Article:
Resource Logo
AIDS Treatment Update

TREATMENTS FOR KS: An overview of current treatment options for Kaposi's sarcoma



Kaposi's sarcoma (KS) is an AIDS-defining illness that affects a substantial proportion of HIV-positive gay men and Africans. KS lesions can develop both inside and on the surface of the body. On the skin they look like brownish-red to purplish-black marks.

KS on the skin is not life-threatening, but visceral KS (involving the internal organs) can be. KS in the lymph nodes can obstruct normal fluid drainage leading to the body tissues to swell up painfully (oedema). KS in the lungs (pulmonary KS) can obstruct the airways causing a cough and breathlessness, and increases the risk of chest infections.

Many doctors and people with HIV are unwilling to treat KS that is restricted to a few skin lesions and causing no problems. If these are disfiguring, advice on camouflage make-up is available from many clinics and self-help groups. However, if you do decide to treat skin lesions, or your KS is severe enough that treatment is necessary (such as painful lesions on the soles of the feet), there is a range of options.

INTERFERON & RADIATION Radiation therapy can be used to treat KS lesions in the mouth or throat, painful skin lesions or lesions that are causing blockages in the lymph nodes of the face, arms and legs. The idea is to kill the over-active tumour cells with a series of low doses of radiation, leaving the rest of the body untouched. Side-effects can include short-term reddening of the skin and hair loss and, in the mouth, inflammation of the mucous membranes. The lesions usually leave a scar, like a mole, where pigmentation remains in the skin. This is particularly common when long-standing lesions are treated.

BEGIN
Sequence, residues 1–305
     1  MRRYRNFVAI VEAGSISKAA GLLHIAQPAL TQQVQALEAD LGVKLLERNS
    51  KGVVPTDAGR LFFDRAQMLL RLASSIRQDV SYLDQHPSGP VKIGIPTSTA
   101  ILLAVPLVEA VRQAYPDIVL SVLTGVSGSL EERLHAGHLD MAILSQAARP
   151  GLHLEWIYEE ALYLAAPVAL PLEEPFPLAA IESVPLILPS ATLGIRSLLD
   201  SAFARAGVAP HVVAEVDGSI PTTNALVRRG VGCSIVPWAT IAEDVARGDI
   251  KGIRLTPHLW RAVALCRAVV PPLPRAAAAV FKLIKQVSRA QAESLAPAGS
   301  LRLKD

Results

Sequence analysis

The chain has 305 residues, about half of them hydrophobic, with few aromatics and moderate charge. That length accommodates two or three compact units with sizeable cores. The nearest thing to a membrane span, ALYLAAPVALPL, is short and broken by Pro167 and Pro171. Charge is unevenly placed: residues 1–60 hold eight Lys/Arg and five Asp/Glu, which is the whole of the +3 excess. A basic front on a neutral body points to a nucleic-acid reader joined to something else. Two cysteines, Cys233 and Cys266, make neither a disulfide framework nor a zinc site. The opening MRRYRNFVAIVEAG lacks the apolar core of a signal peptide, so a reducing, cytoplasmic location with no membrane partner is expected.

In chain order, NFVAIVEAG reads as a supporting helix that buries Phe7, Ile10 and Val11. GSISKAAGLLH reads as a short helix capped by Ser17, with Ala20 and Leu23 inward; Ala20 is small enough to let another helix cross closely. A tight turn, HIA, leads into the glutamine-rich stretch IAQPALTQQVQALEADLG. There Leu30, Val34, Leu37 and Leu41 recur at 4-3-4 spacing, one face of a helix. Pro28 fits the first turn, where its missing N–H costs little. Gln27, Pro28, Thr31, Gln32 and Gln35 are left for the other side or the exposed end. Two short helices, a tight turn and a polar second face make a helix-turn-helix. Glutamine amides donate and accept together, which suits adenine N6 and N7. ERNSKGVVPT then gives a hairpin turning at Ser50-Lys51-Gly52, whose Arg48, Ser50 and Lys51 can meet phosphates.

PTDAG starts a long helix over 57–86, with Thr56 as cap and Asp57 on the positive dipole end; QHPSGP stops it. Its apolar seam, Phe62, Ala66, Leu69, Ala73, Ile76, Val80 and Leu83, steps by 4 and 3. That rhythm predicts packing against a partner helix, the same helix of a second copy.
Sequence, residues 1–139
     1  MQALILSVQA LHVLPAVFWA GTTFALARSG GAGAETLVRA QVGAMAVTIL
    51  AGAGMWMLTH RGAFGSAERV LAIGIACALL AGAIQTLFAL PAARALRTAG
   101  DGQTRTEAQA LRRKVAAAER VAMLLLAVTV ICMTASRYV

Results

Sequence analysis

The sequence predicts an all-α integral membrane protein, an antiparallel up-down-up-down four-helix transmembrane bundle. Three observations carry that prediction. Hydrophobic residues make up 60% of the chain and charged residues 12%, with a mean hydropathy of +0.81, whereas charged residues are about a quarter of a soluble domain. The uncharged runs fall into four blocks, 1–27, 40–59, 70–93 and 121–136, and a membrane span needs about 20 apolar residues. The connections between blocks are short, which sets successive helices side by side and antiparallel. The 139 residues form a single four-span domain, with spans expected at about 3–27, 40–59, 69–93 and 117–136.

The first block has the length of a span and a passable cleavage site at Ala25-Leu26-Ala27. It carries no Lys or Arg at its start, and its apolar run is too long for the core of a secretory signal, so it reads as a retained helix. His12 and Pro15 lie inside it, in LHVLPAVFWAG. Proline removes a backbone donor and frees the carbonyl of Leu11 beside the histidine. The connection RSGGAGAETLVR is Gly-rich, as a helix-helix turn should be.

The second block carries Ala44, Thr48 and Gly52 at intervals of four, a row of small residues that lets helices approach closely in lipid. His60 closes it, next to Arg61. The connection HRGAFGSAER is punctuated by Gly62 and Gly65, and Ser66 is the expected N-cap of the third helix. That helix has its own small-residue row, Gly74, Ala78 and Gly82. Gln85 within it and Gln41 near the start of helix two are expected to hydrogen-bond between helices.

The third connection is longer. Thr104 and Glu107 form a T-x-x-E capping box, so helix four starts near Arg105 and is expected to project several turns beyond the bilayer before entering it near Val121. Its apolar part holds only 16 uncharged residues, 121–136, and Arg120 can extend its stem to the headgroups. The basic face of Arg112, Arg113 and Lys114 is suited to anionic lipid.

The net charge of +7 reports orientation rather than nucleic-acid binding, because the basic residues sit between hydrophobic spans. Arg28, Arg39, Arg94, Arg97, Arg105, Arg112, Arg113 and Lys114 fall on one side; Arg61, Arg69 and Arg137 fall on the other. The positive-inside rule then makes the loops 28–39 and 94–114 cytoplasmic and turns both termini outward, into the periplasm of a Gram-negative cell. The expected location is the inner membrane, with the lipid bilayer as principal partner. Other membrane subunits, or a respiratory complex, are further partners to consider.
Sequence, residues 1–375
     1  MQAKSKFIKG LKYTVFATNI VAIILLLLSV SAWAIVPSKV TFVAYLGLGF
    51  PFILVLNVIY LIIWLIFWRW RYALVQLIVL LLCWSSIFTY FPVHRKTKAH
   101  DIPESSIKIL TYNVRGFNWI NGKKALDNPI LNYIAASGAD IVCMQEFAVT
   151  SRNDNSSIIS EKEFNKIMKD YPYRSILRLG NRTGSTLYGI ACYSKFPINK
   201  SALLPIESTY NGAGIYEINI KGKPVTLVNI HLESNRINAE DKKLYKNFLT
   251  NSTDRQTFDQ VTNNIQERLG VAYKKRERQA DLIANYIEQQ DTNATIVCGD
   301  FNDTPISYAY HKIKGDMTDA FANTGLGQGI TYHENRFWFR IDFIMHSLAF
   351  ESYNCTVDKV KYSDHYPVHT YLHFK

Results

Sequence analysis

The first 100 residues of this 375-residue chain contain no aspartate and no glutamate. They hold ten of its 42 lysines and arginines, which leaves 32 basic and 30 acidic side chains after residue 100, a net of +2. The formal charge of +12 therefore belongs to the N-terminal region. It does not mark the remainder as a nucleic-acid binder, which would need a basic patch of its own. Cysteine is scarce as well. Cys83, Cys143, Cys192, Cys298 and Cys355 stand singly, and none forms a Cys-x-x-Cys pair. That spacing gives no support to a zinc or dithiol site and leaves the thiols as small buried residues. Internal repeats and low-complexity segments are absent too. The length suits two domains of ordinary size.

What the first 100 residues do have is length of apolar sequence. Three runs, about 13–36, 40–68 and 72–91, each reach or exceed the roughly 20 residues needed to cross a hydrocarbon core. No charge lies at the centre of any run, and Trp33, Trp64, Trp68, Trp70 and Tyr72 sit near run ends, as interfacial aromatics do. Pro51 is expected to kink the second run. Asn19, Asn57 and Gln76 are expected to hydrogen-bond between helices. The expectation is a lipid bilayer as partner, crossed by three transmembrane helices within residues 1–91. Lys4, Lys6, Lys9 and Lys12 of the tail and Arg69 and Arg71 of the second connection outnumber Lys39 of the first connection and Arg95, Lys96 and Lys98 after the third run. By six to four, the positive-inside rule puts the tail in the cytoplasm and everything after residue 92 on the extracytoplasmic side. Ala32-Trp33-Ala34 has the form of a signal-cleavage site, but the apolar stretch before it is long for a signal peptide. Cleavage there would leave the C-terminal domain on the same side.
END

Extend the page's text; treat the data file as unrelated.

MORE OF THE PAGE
Interferon has been reported to be a helpful treatment for some people with KS. The best results have been seen when it is used by people with early KS, limited to the skin, at relatively high CD4 counts. Interferon has to be injected and usually causes side-effects of flu-like symptoms. It can also cause neutropenia - shortage of white blood cells called neutrophils which fight infections. This can leave the individual vulnerable to bacterial infections.

Alternatively, individual skin lesions can be injected with chemotherapy drugs, which causes the lesion to swell up painfully but then shrink or disappear, leaving a scar. Other approaches to treating skin lesions including removing them surgically or freezing them with liquid nitrogen.

CYTOTOXIC CHEMOTHERAPY Cytotoxic chemotherapy uses drugs that kill actively reproducing cells. They are used to treat cancers because cancerous cells reproduce at a high rate. The aim is to wipe out many cancerous cells without doing too much damage to normal, healthy cells.

In practice, chemotherapy tends also to damage the rapidly-dividing cells of the bone marrow, causing neutropenia. Some chemotherapy drugs have other unpleasant side-effects, including hair-loss and nausea.